The goal of integration testing is make sure that components, functions, applications and systems fit together. We perform integration testing to ensure we deliver the maximum possible business value to our stakeholders. When the parts of the application we are building or changing don’t fit together well, the value we are delivering is reduced. The TMMi can provide a framework for evaluating just how rigorously and effectively you are performing integration testing.

Logo beer glasses application: Integration testing

Logo beer glasses application: Integration testing

Integration testing can and should be incorporated easily into a test driven development framework (TDD) or any TDD variant. Incorporating integration tests into a TDD, BDD or ATDD takes the bigger picture into account.

Incorporating integration testing into a TDD framework requires knowing how functions and components fit together and then adding the required test cases as acceptance criteria. In an example of TDD with ATDD and BDD attributes we began defining an application for maintain my beer glass collection. We developed a set of Cucumber-based behavior driven development tests cases.  These tests are critical for defining done for the development of the logo glass entry screen. The entry screen is just a single story in a larger application.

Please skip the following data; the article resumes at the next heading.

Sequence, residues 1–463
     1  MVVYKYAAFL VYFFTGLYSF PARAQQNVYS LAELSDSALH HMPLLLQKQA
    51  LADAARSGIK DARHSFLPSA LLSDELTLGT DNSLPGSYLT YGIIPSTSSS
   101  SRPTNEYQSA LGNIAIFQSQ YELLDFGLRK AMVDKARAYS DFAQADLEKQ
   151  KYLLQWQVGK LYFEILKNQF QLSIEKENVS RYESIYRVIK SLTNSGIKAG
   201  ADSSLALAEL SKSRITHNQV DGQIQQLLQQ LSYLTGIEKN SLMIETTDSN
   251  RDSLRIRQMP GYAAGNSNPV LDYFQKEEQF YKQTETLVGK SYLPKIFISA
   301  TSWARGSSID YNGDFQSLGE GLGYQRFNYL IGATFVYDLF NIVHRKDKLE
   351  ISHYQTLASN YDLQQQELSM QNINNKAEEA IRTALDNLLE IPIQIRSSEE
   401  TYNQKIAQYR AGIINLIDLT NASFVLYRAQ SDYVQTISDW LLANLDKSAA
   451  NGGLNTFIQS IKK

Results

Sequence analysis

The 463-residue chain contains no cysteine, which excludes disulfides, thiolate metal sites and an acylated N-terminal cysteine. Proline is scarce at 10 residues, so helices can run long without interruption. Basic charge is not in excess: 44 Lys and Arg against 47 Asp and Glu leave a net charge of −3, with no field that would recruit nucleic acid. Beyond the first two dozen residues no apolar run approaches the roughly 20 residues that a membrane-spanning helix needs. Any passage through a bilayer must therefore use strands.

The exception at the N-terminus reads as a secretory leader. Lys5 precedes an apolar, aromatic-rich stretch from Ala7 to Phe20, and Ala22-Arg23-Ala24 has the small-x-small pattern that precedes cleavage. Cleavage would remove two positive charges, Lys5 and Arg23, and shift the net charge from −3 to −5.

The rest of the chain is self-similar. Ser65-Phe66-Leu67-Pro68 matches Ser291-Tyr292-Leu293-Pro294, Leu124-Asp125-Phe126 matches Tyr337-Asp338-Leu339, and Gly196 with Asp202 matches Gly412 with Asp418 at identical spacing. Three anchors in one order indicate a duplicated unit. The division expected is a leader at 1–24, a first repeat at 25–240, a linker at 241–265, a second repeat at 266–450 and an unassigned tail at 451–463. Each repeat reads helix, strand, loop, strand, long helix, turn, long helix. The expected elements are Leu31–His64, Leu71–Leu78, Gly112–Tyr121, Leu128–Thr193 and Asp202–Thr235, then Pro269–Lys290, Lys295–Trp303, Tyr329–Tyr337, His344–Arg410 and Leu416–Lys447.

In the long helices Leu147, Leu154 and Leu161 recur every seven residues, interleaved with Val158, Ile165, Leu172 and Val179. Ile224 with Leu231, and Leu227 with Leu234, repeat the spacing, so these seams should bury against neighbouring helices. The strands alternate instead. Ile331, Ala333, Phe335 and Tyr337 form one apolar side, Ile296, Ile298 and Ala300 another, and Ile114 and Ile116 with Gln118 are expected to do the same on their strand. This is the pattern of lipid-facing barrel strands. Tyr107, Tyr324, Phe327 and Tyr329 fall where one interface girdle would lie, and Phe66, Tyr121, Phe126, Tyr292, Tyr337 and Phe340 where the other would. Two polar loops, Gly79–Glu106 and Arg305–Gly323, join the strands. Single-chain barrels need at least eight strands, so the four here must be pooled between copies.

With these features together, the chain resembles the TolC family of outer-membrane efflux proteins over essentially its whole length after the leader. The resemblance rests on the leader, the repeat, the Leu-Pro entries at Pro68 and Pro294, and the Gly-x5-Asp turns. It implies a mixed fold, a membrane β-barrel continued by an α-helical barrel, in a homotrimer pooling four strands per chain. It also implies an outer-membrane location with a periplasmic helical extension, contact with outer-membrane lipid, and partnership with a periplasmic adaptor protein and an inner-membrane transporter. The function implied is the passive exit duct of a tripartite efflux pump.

A broader view of the application:

Untitled

An example of the TDD test that we wrote for the logo glass entry screen was:

Scenario: Brewery name is a required field.

Given I am on the logo glass entry site

When I add a glass leaving the brewery name blank

Then I should see the error message “The brewery name can’t be blank”

Based on our discussion in Integration Testing and Unit Testing, Different?, this test is a unit test. The test case doesn’t cross a boundary, it answers a single question, and is designed to providing information to a developer.

Using the same Cucumber format, two examples of integration tests for the logo glass add function would be: